The Heat's On
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The Heat's On

3.92 (407 ratings by Goodreads)
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Description

Detectives Coffin Ed and Grave Digger Jones have lost two criminals. Pinky ran off - but it shouldn't be hard to track down a giant albino in Harlem. Jake the dwarf drug dealer, though, isn't coming back - he died after Grave Digger punched him in the stomach. And the dwarf's death might cost them both their badges. Unless they can track down the cause of all this mayhem - like the African with his throat slit and the dog the size of a lion with an open head wound.

Chester Himes's hardboiled tales of Harlem have a barely contained chaos and a visceral, macabre edge all their own.

With a new Introduction by Noel 'Razor' Smith.
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Product details

  • Paperback | 224 pages
  • 128 x 190 x 16mm | 158.76g
  • PENGUIN CLASSICS
  • London, United Kingdom
  • English
  • 0141196475
  • 9780141196473
  • 90,908

Flap copy

From the start, nothing goes fright for Coffin Ed and Grave Digger Jones. They are disciplined for use of excessive force. Grave Digger is shot and his death announced in a hoax radio bulletin. Bodies pile up faster than Coffin Ed and Grave Digger Jones can run. Yet, try as they might, they always seem to be one hot step behind the cause of all the mayhem--three million dollars' worth of heroine and a simple albino called Pinky.
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Review quote

The greatest find in American crime fiction since Raymond Chandler * Sunday Times * Outrageous, shocking, wonderful * New York Times Book Review * Himes wrote spectacularly successful entertainments, filled with gems of descriptive writing, plots that barely sidestep chaos, characters surreal, grotesque, comic, hip, Harlem recollected as a place that can make you laugh, cry, shudder. -- John Edgar Wideman Chester Himes is one of the towering figures of the black literary tradition. His command of nuances of character and dynamics of plot is preeminent among writers of crime fiction. He is a master craftsman. -- Henry Louis Gates, Jr. A fantasia with a hard brilliant core * Evening Standard * A fine crime writer of Chandlerian subtlety though in a vein of sheer toughness very much his own * The Times * Chester Himes is the great lost crime writer, as well a great American dissident novelist per se, and an essential witness to his times. Every one of his beyond-cool Harlem novels is cherished by every reader who finds it. -- Jonathan Lethem Hieronymus Bosch meets Miles Davis * The New York Times * He belongs with those great demented realists ... whose writing pitilessly exposes the ridiculousness of the human condition -- Will Self That he could channel this pain and misery into some of the greatest crime novels ever written is a testament to his skill as a writer and his spirit as a man. If this is the first Chester Himes novel you will read then, believe me, you are in for a treat. -- Noel "Razor" Smith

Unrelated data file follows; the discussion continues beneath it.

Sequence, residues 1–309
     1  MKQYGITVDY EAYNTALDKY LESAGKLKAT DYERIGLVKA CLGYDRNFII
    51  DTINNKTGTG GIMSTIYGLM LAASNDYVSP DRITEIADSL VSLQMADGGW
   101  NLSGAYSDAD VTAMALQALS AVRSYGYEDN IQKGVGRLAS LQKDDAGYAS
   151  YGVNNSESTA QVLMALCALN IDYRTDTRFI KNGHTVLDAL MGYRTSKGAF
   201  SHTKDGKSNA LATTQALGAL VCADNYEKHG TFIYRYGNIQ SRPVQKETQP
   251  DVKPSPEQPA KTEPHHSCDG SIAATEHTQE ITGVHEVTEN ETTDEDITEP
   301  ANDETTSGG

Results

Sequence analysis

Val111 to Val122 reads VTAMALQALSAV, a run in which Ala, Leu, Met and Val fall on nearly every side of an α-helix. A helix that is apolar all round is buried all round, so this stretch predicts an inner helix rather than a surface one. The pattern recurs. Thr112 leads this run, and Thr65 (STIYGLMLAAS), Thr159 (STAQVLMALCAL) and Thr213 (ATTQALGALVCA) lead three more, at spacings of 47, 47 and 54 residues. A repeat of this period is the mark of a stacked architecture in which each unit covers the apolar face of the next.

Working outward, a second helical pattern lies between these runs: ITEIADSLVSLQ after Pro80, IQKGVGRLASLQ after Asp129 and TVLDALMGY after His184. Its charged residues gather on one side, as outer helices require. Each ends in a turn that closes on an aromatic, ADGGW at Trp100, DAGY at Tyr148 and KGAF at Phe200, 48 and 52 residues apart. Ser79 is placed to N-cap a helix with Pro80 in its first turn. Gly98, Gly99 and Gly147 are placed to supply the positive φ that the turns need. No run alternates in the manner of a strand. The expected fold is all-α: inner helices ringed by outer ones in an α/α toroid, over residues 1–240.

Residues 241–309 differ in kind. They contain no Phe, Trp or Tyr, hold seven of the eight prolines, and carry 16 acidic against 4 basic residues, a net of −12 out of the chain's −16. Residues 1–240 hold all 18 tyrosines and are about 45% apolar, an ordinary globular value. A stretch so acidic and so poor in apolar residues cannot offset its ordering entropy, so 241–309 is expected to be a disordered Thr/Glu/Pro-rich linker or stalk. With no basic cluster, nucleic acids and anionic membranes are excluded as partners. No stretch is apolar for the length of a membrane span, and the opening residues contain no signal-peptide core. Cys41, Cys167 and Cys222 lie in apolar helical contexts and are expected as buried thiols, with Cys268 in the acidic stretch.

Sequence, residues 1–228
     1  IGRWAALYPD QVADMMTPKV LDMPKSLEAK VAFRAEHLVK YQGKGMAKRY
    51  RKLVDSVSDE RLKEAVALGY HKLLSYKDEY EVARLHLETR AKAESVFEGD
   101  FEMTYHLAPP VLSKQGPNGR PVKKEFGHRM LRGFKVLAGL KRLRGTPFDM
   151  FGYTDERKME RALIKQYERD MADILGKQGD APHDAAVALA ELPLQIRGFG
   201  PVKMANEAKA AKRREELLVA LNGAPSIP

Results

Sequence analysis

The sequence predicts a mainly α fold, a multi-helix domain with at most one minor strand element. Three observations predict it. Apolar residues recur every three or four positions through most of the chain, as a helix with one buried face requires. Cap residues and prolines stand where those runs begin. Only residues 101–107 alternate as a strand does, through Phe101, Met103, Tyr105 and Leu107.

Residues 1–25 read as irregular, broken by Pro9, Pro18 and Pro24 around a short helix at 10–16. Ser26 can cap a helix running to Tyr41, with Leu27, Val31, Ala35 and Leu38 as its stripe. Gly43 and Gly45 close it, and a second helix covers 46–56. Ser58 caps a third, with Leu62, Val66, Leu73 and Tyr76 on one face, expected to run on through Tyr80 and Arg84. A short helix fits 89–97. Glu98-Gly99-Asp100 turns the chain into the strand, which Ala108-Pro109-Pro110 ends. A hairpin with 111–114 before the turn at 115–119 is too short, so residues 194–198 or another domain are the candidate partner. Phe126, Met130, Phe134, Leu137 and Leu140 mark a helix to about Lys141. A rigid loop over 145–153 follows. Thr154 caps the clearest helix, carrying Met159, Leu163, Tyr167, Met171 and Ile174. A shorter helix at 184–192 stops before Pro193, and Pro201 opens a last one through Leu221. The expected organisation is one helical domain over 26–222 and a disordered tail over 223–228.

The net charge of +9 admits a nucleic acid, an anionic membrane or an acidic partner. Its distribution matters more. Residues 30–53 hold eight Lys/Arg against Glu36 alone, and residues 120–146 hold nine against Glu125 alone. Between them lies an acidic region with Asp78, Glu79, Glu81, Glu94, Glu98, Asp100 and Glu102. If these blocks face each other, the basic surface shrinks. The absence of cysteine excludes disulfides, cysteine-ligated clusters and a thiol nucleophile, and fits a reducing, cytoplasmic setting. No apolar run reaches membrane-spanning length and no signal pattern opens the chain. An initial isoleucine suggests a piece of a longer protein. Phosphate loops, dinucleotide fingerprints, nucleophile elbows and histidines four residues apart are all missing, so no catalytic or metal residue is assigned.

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About Chester Himes

Chester Himes was born in Jefferson City, Missouri in 1909 and grew up in Cleveland.

Aged 19 he was arrested for armed robbery and sentenced to 20 to 25 years in jail. In jail he began to write short stories, some of which were published in Esquire.

Upon release he took a variety of jobs from working in a California shipyard to journalism to script-writing while continuing to write fiction. He later moved to Paris where he was commissioned by La Serie Noire to write the first of his Harlem detective novels, La reine des pommes/A Rage in Harlem, which won the 1957 Grand Prix du Roman Policier. In 1969 Himes moved to Spain, where he died in 1984.
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Rating details

407 ratings
3.92 out of 5 stars
5 30% (124)
4 40% (161)
3 23% (94)
2 5% (22)
1 1% (6)
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